en-US/about_Mocking.help.txt

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TOPIC
    about_Mocking

SHORT DESCRIPTION
    Pester provides a set of Mocking functions making it easy to fake dependencies 
    and also to verify behavior. Using these mocking functions can allow you to 
    "shim" a data layer or mock other complex functions that already have their 
    own tests.

LONG DESCRIPTION
    With the set of Mocking functions that Pester exposes, one can:

        - Mock the behavior of ANY PowerShell command.
        - Verify that specific commands were (or were not) called.
        - Verify the number of times a command was called with a set of specified 
  parameters.

  MOCKING FUNCTIONS
  For detailed information about the functions in the Pester module, use Get-Help.

Mock
Mocks the behavior of an existing command with an alternate 
implementation.

Assert-VerifiableMocks
Checks if any Verifiable Mock has not been invoked. If so, this will 
throw an exception.

Assert-MockCalled
Checks if a Mocked command has been called a certain number of times 
and throws an exception if it has not.

  EXAMPLE
    function Build ($version) {
        Write-Host "a build was run for version: $version"
    }

    function BuildIfChanged {
        $thisVersion = Get-Version
        $nextVersion = Get-NextVersion
        if ($thisVersion -ne $nextVersion) { Build $nextVersion }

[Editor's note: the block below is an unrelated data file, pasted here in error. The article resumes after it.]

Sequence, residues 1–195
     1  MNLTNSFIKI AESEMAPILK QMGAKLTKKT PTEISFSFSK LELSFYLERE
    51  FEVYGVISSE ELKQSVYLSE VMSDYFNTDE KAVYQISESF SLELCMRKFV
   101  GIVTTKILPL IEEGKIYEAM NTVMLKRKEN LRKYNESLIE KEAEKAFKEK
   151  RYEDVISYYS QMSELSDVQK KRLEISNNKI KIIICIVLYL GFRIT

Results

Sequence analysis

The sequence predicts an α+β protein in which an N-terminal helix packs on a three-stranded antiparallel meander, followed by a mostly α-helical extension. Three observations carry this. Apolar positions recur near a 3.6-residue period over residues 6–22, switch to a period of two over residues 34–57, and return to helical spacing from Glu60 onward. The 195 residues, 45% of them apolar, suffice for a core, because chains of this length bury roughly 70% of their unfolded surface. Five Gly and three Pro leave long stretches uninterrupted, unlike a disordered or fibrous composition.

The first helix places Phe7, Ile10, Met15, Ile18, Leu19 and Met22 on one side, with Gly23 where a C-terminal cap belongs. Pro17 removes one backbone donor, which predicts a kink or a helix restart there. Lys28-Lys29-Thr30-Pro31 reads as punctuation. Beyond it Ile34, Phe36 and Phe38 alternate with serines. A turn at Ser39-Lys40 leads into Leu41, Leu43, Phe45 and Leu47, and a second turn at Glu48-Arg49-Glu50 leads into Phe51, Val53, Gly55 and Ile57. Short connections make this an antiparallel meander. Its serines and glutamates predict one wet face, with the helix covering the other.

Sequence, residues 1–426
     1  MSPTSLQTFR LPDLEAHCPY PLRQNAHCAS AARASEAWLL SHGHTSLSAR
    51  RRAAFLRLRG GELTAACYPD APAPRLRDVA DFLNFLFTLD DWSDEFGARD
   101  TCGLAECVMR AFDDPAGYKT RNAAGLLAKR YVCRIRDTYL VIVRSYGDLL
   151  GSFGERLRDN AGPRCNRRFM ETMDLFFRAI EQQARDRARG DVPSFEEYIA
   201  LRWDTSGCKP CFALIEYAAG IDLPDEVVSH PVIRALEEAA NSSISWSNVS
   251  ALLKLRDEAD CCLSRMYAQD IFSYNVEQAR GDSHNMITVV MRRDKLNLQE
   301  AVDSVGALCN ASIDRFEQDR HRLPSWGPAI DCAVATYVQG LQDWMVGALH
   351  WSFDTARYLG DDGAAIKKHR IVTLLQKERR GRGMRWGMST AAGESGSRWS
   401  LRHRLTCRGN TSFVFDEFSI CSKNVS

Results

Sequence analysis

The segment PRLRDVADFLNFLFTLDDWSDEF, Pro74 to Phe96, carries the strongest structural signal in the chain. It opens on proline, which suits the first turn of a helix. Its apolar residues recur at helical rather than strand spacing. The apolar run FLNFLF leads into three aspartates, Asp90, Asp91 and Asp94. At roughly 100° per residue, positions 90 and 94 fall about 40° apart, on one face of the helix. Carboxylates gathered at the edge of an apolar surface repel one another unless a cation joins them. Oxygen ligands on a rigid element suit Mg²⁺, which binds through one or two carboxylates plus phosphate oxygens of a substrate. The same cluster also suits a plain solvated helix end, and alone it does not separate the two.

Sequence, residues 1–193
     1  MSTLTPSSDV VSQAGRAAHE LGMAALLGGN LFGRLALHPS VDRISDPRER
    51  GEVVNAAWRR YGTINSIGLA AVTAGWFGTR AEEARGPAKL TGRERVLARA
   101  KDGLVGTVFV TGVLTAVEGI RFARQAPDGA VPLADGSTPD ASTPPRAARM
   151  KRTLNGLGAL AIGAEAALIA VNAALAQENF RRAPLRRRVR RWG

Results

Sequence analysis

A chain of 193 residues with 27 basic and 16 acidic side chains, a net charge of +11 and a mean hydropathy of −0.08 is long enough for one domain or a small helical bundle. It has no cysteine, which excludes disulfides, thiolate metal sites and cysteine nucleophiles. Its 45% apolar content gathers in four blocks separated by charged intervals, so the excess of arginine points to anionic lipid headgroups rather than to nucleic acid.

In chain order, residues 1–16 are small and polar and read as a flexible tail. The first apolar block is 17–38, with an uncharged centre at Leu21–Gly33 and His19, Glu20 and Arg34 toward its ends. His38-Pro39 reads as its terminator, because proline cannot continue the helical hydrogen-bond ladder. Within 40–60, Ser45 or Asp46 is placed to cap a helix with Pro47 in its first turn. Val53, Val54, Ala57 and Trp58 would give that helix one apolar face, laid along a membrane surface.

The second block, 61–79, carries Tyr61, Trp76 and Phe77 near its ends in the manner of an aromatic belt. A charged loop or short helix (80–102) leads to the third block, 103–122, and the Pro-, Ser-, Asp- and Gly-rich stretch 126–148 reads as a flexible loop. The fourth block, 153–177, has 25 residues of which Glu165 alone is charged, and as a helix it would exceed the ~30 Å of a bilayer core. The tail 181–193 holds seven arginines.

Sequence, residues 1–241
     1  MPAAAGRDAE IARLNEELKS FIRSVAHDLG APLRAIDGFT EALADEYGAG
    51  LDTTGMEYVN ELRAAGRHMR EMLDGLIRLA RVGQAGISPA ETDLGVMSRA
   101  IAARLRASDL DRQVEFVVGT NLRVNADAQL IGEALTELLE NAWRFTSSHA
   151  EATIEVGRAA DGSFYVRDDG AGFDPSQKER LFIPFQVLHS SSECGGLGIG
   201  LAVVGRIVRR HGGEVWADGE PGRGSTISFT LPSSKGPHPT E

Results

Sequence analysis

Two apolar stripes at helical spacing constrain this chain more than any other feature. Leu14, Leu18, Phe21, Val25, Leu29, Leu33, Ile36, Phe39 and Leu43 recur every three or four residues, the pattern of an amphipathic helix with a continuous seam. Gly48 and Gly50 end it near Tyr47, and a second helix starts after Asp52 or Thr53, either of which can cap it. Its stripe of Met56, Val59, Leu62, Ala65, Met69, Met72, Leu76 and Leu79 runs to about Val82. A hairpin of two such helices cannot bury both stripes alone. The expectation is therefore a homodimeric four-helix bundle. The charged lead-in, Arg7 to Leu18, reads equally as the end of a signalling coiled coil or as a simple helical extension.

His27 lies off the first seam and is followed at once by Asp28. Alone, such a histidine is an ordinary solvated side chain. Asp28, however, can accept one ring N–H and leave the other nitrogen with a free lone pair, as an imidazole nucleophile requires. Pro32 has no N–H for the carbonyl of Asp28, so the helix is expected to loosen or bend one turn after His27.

return $nextVersion
    }

    $here = Split-Path -Parent $MyInvocation.MyCommand.Path
    $sut = (Split-Path -Leaf $MyInvocation.MyCommand.Path).Replace(".Tests.", ".")
    . "$here\$sut"

    Describe "BuildIfChanged" {
      Context "When there are Changes" {
        Mock Get-Version {return 1.1}
        Mock Get-NextVersion {return 1.2}
        Mock Build {} -Verifiable -ParameterFilter {$version -eq 1.2}

        $result = BuildIfChanged

        It "Builds the next version" {
          Assert-VerifiableMocks
        }
        It "returns the next version number" {
          $result | Should Be 1.2
        }
      }
      Context "When there are no Changes" {
        Mock Get-Version { return 1.1 }
        Mock Get-NextVersion { return 1.1 }
        Mock Build {}

        $result = BuildIfChanged

        It "Should not build the next version" {
          Assert-MockCalled Build -Times 0 -ParameterFilter {$version -eq 1.1}
        }
      }
    }


  MOCKING CALLS TO COMMANDS MADE FROM INSIDE SCRIPT MODULES

  Let's say you have code like this inside a script module (.psm1 file): function BuildIfChanged { $thisVersion = Get-Version $nextVersion = Get-NextVersion if ($thisVersion -ne $nextVersion) { Build $nextVersion } return $nextVersion } function Build ($version) { Write-Host "a build was run for version: $version" } # Actual definitions of Get-Version and Get-NextVersion are not shown here, # since we'll just be mocking them anyway. However, the commands do need to
    # exist in order to be mocked, so we'll stick dummy functions here

    function Get-Version { return 0 }
    function Get-NextVersion { return 0 }

    Export-ModuleMember -Function BuildIfChanged

  Beginning in Pester 3.0, there are two ways to write a unit test for a module that